HIPPA regulations exist to cover data security. Covered entities are responsible for assessing, identifying, documenting vulnerabilities and taking precautions to eliminate or mitigate the risk of a breach.
An organization can be fined for the failure of due diligence to recognize areas where a data breach could occur. For example, the Centers for Medicare and Medicaid Services reported a wireless health service provider violated HIPPA Privacy and Security rules when a laptop with PHI was stolen from an employee’s vehicle. The investigation revealed insufficient risk analysis and the company agreed to pay $2.5 million and implement a corrective action plan.
Companies are also subject to a fine fined even if no data has been breached, but they allowed a situation to develop which creates vulnerability.
What Does a HIPPA Risk Assessment Entail?
Due to the unique vulnerabilities of electronically stored and transmitted data, a professional in cybersecurity, data protection, and data backups should handle your risk assessment. Wahaya’s cybersecurity and compliance services can assist your organization with internal compliance and the specific requirements to protect you from legal regulations regarding PHI and HIPAA.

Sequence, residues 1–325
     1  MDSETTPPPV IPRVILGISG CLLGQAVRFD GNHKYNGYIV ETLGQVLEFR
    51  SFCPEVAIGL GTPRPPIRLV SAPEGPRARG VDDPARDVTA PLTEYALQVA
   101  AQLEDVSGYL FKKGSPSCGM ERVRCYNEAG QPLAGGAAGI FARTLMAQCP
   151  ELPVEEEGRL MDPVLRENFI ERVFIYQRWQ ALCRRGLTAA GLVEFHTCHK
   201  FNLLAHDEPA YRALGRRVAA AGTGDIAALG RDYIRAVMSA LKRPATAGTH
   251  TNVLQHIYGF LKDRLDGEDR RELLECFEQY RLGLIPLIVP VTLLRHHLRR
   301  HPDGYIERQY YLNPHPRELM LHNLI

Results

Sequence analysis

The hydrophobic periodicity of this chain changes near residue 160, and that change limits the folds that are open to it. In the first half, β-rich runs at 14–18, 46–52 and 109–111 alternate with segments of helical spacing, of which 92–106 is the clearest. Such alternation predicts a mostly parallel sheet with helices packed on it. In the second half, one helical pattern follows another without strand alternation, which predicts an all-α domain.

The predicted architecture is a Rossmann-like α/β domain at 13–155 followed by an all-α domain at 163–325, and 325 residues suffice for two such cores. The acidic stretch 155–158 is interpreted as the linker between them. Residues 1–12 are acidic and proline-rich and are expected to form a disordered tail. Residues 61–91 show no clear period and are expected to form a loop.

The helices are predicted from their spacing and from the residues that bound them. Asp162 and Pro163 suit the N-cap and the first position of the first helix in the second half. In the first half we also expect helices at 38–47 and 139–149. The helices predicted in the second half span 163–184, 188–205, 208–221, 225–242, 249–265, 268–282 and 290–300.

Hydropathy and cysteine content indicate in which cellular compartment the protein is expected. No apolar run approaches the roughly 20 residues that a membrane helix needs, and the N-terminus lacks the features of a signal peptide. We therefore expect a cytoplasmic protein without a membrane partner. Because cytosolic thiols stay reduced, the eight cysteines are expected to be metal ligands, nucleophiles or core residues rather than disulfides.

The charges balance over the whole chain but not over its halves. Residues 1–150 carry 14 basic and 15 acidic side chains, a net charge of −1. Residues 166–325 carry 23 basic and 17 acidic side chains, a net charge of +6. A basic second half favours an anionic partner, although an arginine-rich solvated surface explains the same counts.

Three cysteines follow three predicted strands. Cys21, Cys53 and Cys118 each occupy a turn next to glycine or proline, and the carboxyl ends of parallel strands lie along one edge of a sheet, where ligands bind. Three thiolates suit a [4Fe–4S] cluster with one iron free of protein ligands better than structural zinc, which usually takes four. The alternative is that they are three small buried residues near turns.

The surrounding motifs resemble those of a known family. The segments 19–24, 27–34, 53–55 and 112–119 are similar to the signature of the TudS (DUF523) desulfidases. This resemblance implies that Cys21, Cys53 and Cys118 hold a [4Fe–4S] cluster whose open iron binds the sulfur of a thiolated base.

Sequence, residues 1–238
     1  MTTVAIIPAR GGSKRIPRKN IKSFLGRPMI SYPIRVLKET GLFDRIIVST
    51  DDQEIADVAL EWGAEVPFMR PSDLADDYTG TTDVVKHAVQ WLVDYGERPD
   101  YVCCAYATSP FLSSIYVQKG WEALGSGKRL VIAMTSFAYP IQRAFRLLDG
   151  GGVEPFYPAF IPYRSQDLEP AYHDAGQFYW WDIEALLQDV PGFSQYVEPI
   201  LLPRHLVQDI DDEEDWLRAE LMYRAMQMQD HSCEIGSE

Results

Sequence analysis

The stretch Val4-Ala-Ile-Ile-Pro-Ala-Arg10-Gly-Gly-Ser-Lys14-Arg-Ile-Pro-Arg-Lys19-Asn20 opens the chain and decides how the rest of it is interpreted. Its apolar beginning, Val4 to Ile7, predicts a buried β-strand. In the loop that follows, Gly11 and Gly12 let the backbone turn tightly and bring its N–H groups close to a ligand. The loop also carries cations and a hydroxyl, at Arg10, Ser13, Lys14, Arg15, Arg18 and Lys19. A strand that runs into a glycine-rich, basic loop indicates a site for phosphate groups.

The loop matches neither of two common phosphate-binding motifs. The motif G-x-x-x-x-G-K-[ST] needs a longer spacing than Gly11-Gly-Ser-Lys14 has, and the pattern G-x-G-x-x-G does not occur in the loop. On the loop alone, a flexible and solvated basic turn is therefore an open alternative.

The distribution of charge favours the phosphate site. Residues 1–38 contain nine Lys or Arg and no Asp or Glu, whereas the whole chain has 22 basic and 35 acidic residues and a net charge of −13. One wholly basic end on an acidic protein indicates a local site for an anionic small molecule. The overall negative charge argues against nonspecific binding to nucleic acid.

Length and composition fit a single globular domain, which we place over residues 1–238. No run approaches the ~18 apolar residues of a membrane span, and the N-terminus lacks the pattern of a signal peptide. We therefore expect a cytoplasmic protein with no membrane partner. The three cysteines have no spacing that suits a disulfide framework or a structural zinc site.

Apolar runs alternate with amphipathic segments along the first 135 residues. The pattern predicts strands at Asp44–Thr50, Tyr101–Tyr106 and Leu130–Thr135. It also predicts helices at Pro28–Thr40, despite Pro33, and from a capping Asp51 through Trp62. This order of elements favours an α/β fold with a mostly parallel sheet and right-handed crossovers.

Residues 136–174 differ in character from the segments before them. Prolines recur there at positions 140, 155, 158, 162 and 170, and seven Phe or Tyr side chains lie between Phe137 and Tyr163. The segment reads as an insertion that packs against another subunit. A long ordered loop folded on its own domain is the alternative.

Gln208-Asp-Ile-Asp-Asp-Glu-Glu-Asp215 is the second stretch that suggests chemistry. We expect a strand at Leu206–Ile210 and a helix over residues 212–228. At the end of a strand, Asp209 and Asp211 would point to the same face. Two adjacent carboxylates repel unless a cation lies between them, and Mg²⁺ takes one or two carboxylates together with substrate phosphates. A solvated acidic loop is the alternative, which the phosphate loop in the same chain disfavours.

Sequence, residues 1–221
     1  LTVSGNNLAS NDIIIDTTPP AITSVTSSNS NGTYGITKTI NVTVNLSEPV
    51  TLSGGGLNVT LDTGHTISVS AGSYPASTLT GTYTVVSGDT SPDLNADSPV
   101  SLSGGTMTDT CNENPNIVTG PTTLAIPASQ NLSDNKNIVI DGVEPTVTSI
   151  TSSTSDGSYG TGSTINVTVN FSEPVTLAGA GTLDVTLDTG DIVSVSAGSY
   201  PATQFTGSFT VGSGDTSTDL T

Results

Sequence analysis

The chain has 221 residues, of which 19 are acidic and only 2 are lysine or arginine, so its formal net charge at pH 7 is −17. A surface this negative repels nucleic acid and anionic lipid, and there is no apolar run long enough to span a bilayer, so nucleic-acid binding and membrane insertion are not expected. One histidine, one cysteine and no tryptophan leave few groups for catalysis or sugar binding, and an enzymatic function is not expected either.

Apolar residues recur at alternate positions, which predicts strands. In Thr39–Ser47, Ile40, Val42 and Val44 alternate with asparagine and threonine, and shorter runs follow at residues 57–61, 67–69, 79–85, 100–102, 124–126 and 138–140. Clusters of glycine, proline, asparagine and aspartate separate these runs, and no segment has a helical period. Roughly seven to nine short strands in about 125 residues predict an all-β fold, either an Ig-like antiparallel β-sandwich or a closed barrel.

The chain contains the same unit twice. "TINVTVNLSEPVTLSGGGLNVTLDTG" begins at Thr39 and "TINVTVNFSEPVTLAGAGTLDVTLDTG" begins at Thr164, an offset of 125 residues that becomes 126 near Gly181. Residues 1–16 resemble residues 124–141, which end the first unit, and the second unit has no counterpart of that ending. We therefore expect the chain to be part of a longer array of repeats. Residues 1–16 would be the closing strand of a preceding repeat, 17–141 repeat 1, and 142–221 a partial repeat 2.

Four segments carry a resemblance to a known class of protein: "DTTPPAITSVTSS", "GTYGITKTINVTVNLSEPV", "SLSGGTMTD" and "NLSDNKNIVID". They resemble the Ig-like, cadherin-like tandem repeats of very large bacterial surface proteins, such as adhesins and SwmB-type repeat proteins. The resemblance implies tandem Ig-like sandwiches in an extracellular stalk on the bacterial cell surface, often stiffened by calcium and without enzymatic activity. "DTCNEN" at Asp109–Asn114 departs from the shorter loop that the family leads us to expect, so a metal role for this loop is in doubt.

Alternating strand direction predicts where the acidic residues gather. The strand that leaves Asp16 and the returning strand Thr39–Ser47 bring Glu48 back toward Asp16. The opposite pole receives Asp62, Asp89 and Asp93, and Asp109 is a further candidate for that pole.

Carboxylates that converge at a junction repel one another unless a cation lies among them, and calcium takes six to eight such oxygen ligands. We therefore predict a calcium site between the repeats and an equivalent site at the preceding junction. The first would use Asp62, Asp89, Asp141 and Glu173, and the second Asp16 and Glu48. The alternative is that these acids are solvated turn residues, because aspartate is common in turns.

Here is a quick summary of what a risk assessment entails:
A risk assessment should first determine (a) where PHI resides, moves, or is transmitted, and all of the access points. For example, the individuals in an office that have access to patient data and via what media. Interestingly, the rise of mobile devices has created a new area of concern for data security because medical professionals can access data on their phones and tablets.
Then, the assessment should determine the vulnerabilities along all of these touchpoints. That means identifying the threats to data security, which HHS summarizes in four categories:
- Unauthorized (malicious or accidental) disclosure, modification, or destruction of information
- Unintentional errors and omissions
- IT disruptions due to natural or man-made disasters
- Failure to exercise due care and diligence in the implementation and operation of the IT system.”